Dean Fosdick, the journalist with The Associated Press who filed the news alert informing the world of the Exxon Valdez grounding and who directed AP’s coverage of what was then the nation’s worst oil spill, died April 27 in Florida. He was 80.
His longtime career with the news service included 15 years as the bureau chief in Alaska.
It was in that role that he was awakened at about 5:30 a.m. on March 24, 1989, by a caller with a tip that an oil tanker had run aground outside Valdez, Alaska.
He quickly confirmed with the U.S. Coast Guard that the tanker Exxon Valdez had struck a reef and was leaking oil into Prince William Sound.
He then directed coverage of the spill that included more than a dozen AP reporters, photographers and editors, reporting on the spill that marred coast lines and covered seabirds and otters in thick crude.
Fosdick was born Aug. 26, 1941, in Owatonna, Minnesota. At age 17, he joined the U.S. Army to see the world. He became a paratrooper with the 82nd Airborne Division and spent two years in the Far East.
After his service, he earned both his bachelor’s and master’s degrees from the University of Minnesota School of Journalism.
After working for the Minneapolis Star newspaper and briefly in politics, he began his long career with the AP in the Nashville, Tennessee, bureau in 1978.
In 1982, he transferred to the AP’s General Desk in New York and became the correspondent in Juneau, Alaska, a year later.
In 1985, he was named Alaska bureau chief, where he helped mold young journalists.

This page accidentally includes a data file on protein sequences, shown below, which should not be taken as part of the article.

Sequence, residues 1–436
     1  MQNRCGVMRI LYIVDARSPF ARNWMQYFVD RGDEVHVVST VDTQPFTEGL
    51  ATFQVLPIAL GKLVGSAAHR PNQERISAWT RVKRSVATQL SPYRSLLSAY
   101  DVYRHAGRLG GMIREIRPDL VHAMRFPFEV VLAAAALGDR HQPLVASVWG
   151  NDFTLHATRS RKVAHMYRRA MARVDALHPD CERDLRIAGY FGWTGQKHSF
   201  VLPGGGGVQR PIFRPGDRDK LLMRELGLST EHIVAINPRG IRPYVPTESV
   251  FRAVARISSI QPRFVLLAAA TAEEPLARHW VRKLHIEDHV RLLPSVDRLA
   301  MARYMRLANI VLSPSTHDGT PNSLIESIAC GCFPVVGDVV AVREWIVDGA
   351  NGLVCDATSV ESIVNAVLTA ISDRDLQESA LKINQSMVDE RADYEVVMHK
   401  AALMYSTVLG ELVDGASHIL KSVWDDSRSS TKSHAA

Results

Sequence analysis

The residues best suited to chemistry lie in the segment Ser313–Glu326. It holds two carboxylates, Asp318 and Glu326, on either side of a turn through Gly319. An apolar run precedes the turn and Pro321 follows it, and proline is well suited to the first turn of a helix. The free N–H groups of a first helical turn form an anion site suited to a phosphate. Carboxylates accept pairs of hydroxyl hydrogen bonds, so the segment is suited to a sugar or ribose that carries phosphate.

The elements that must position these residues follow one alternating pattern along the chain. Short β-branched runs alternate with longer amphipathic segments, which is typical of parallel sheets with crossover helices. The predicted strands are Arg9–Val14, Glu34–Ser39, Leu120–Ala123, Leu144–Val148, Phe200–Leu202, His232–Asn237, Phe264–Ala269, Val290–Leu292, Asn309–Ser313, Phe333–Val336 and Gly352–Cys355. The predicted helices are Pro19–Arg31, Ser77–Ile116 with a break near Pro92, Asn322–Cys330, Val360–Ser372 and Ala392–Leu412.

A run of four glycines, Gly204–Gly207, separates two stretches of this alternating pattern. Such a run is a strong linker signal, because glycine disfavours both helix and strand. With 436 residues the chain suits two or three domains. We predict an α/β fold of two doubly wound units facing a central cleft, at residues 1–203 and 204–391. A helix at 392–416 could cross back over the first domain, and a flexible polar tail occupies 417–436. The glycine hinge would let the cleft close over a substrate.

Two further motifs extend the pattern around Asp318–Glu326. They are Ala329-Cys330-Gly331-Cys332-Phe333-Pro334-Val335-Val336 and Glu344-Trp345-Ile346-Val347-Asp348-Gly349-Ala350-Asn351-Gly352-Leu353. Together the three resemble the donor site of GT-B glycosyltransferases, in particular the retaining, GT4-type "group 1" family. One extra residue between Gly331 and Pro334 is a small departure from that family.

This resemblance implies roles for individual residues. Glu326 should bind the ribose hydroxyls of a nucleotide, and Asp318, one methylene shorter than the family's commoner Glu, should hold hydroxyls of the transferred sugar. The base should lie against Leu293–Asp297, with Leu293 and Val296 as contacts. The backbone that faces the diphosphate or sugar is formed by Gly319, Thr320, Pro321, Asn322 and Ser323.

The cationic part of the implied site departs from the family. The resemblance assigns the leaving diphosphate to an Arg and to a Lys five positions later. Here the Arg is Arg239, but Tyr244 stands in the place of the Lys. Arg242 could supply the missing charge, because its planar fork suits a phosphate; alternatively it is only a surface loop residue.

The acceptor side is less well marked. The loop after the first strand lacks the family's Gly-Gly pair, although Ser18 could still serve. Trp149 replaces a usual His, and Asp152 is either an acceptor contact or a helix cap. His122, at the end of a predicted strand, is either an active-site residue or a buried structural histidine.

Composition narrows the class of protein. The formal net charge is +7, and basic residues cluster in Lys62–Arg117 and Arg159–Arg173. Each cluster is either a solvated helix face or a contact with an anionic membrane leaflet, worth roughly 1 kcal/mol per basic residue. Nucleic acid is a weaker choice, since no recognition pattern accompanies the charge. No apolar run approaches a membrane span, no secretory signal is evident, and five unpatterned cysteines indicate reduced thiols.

“Dean was one of the finest AP colleagues I’ve ever worked for, and he was a steady force in Alaska journalism for more than a decade,” said Jim Clarke, whom Fosdick hired in 1993.
“He was always ready to tell a good Alaska yarn to the rest of the world and let young pups like me do the same. He relished his staff’s success and pushed us to do our finest work,” Clarke said.
Clarke said Fosdick taught him how to be an AP newsman.
“‘We run for the phones when news breaks’ was one of his favorite sayings,” said Clarke, now AP’s Managing Director of Local Markets.
Larry Campbell succeeded Fosdick as Alaska bureau chief when Fosdick took early retirement in 2001. Fosdick championed him for the position with AP management in New York, where the wire service is headquartered.
Campbell said the best piece of advice Fosdick gave him was, “New York doesn’t want to hear about problems, they want to hear about solutions.”
“That taught me how to be a leader,” Campbell said.
Charles Bingham was a reporter at the now-defunct Anchorage Times and recalled the time Fosdick had a tough time explaining an only-in-Alaska expense to accountants in New York.
In 1988 Fosdick sent reporters to Utqiaġvik, the Arctic Ocean coastal community formerly known as Barrow, to cover efforts to rescue a whale but only after outfitting them with an unusual item.
“He sent a reporting crew, but they weren’t going to be allowed on the ice unless they carried a high-powered rifle as protection against polar bears. Dean had lots of fun trying to explain that expense,” Bingham said.
Campbell also credited Fosdick with keeping the Alaska Press Club alive as members lost interest when the Anchorage Times shut down after losing a newspaper war to the city’s other daily, the Anchorage Daily News.
“The Associated Press Stylebook” is the standard usage guide for newsrooms around the world. Fosdick created a similar book, called “The Associated Press Stylebook for Alaska,” giving usage guides for all things Alaska, something he didn’t seek approval from New York before doing, Campbell said.
“That’s what Dean did, he did things to keep journalism really viable in Alaska to the outside world,” Campbell said. “I think he cared more for Alaska journalism than people realize.”
When Fosdick retired, he didn’t put down the pen, writing a twice-monthly gardening column for the AP until 2020.
Besides being a master gardener, his family’s obituary said Fosdick had a pilot’s license and a scuba certification and was both a beekeeper and an emergency medical technician.
He is survived by his wife Carol and countless friends.